On the publication of Andrew Hacker's instant classic and best-selling Two Nations: Black and White, Separate, Hostile, Unequal, Newsweek described him as a "political scientist doing with statistics what Fred Astaire did with hats, canes, and chairs. He doesn't crunch numbers: he makes them live and breathe." Now, with the same keen, objective insight and wizardry with numbers, Hacker tackles the other emotionally charged issue that most preoccupies us: wealth and its distribution.
In Money, Hacker sifts through reams of data to answer the questions we most frequently ask about money: Have women made real strides toward economic parit? Has affirmative action improved the economic status of African Americans? Does immigration really take jobs away from hardworking Americans?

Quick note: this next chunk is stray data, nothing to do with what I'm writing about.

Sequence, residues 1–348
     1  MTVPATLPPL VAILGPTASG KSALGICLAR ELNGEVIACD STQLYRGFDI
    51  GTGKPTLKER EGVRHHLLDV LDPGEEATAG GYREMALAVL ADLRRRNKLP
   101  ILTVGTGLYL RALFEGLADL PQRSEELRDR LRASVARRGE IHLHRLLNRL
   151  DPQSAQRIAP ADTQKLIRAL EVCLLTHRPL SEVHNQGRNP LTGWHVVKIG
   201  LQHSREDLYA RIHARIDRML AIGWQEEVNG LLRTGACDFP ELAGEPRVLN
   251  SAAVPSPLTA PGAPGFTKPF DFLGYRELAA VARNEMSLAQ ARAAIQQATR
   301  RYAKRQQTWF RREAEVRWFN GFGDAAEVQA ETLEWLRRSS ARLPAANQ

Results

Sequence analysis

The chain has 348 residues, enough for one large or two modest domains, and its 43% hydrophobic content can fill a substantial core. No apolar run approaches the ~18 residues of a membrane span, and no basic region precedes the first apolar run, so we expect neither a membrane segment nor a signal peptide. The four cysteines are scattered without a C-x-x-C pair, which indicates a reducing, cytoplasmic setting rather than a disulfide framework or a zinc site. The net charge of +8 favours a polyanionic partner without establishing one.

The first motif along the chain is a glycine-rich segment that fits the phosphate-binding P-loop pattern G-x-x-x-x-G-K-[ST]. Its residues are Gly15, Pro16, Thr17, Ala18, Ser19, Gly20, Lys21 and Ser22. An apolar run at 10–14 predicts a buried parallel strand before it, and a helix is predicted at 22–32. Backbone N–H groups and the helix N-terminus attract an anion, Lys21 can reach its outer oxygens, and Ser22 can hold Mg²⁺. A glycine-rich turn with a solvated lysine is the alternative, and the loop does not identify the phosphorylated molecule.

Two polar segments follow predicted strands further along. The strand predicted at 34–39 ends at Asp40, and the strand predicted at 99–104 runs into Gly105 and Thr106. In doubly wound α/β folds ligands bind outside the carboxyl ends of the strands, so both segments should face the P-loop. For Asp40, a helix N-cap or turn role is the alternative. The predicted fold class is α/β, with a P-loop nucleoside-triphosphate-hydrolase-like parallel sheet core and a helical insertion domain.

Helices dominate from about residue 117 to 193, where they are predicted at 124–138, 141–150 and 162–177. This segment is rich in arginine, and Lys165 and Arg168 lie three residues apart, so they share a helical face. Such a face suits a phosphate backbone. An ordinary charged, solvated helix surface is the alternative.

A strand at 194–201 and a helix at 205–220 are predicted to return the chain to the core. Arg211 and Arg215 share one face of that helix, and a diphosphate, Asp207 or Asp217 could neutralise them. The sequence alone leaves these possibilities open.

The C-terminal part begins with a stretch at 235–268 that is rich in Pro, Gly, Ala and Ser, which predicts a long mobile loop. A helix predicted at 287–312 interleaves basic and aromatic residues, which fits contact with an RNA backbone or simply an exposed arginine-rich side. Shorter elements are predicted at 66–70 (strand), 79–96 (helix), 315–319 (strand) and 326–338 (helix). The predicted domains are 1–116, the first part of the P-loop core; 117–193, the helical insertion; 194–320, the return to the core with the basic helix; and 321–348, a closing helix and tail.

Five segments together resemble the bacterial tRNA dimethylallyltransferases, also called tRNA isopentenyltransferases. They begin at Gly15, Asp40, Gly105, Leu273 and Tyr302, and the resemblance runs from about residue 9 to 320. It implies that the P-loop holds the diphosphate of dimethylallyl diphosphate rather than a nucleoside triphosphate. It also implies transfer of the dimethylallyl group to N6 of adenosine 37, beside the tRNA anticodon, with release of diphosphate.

Hacker's answers are surprising and fascinating, illuminating the financial condition of every strata of America. Shattering all the taboos we have on the subjects of wealth, poverty, and worth, Money is essential listening for anyone who wants to know more about their slice of the American pie.
©1997 Andrew Hacker (P)1997 Simon & Schuster
The first 2 chapters were very well done and painted a clear picture of the authors argument. The book came apart during the last 2 chapters when it became very repetitive and overly focused on women's earnings. All points are well made but, he could have gone much further in his analysis.
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